The eternal question – when do you go to another shot when mixing live video? …
At last we get to the ART of mixing. All the technical stuff counts for nothing, if your mixing ends up distracting the audience from what is going on, rather than enhancing.
Chop and change too quickly and everyone will get dizzy. Stay on the same shot too long and they will all think something has gone wrong (unless you only have ONE camera, but that’s a different problem)
So it’s getting the balance that matters.
Some tips from video editing apply here:
– less is more. resist the temptation to cut (or fade) too often. There is a huge
temptation, especially with an individual giving a talk or similar, to cut just
because you can.
– cut on action, rather than on nothing. Make your cuts motivated by something in the shot. This gives a
reason for the cut, so it makes sense to those watching why you changed shot at that point and makes the cutting ‘disappear’. So if someone moves you can cut, or if they look in a different direction, or if they do something different with their arms, or they turn away. You can cut to a different person when they speak or sing, or start playing or stop playing etc.etc.
– another rule of thumb is to cut when you blink (really!) The argument goes that if you are intently focused on something, you hold off your blink until your brain has had enough and can cope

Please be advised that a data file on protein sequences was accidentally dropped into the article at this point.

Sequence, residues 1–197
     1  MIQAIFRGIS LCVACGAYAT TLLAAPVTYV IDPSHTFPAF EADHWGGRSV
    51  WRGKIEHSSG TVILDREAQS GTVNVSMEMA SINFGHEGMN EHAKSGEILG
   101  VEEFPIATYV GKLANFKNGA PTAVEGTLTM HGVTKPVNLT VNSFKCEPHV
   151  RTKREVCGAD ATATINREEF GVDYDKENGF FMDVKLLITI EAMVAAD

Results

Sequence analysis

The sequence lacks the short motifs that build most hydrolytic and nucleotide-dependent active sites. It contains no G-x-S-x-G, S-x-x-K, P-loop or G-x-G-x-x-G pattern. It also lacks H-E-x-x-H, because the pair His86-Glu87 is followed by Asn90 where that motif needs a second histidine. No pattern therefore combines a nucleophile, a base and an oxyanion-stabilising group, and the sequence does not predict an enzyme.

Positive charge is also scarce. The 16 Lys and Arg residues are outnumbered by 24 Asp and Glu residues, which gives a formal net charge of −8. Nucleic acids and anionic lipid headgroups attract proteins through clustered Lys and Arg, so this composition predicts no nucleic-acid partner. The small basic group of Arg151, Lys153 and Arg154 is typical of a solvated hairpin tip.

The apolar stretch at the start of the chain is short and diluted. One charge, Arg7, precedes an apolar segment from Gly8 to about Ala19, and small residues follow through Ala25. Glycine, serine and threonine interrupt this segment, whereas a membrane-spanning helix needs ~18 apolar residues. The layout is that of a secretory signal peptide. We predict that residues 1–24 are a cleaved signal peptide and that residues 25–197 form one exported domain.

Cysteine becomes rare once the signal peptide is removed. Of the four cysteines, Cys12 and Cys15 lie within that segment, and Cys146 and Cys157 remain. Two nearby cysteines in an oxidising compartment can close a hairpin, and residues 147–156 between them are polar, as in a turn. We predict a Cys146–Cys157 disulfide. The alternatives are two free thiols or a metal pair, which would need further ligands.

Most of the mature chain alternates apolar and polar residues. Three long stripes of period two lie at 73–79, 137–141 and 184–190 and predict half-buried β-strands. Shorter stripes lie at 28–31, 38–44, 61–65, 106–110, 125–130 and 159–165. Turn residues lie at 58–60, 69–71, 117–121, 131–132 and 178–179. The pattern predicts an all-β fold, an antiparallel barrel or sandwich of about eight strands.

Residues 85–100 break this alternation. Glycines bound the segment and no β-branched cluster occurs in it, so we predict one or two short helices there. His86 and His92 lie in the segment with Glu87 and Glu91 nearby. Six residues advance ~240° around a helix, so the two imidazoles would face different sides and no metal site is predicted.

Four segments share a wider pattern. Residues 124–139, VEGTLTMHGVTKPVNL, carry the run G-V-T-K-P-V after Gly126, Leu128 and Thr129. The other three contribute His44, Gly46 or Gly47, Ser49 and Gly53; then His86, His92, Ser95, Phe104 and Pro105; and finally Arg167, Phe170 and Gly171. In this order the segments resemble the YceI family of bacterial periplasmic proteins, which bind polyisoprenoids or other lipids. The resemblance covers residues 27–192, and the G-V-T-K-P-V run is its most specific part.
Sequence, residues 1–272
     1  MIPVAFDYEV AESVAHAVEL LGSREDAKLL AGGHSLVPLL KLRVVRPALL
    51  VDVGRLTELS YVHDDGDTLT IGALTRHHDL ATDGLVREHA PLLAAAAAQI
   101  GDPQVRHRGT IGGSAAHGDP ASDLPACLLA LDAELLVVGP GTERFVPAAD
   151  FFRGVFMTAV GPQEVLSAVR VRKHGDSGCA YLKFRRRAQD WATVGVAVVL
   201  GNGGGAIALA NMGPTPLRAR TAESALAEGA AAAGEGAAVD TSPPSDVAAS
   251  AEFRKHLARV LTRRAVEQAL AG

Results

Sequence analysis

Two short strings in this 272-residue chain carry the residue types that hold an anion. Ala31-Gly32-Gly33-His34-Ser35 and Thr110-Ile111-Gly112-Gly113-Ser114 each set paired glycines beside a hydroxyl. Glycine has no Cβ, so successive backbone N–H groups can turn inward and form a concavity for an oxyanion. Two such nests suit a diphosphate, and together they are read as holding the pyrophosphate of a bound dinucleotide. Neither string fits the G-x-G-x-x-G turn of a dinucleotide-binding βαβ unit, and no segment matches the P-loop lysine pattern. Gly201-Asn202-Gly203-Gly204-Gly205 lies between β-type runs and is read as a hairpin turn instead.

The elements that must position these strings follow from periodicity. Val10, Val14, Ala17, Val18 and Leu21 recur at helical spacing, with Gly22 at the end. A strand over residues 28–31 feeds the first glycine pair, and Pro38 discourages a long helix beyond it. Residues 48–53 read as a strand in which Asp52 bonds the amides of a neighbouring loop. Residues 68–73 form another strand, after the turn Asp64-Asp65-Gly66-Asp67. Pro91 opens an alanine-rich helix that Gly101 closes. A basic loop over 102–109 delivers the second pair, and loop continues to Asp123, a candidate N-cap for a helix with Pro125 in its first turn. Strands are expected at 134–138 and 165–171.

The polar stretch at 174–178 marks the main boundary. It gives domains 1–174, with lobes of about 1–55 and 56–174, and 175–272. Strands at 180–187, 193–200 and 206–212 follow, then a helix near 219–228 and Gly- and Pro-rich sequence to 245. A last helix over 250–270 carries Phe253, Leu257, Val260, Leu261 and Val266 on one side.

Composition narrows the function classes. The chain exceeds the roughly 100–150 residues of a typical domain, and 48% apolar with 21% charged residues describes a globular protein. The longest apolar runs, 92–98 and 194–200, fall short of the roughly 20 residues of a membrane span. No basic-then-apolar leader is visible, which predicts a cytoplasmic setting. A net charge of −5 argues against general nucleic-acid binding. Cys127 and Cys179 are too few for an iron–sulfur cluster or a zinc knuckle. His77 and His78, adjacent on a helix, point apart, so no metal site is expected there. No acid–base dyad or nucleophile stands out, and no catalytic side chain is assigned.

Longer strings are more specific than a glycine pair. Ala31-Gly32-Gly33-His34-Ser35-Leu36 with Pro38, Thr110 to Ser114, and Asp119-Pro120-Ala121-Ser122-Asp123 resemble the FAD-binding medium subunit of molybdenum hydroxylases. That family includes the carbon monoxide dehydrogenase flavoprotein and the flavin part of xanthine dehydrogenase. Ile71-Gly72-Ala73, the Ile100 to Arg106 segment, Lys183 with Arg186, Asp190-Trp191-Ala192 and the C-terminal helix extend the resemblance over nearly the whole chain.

with losing a few frames.
– If there is music, the cutting should reflect the timing of the music. Faster music needs
faster cutting, slower music might cut less often and more gently. Notice I saidREFLECT the timing not MATCH the timing. The temptation is to cut on the beat, but this is generally considered a big cliche now, and should be avoided if possible. That doesn’t mean you can’t ever cut on a beat, but don’t time your
cuts to ALWAYS match the beat of the music or it will start to look like an 80’s sound-to-light system.
There are other factors that are unique to live video:
– cut away from a shot that you can see is about to become irrelevant
– cut away before the end of a moving shot
– try to anticipate and cut to something JUST before it happens, e.g. cut to the soloist just before they start
singing, not just after (You did know there was a soloist, right?)
– always cut away from a dead shot as soon as possible – prolonged shots of peoples feet or the back of their heads or the stage are not recommended.
I am sure there are millions of other rules that could apply, but ultimately it is a subjective thing and you have to do what feels right to you, but remember to think from the audience’s perspective – if you were sitting there, what would YOU want to see next.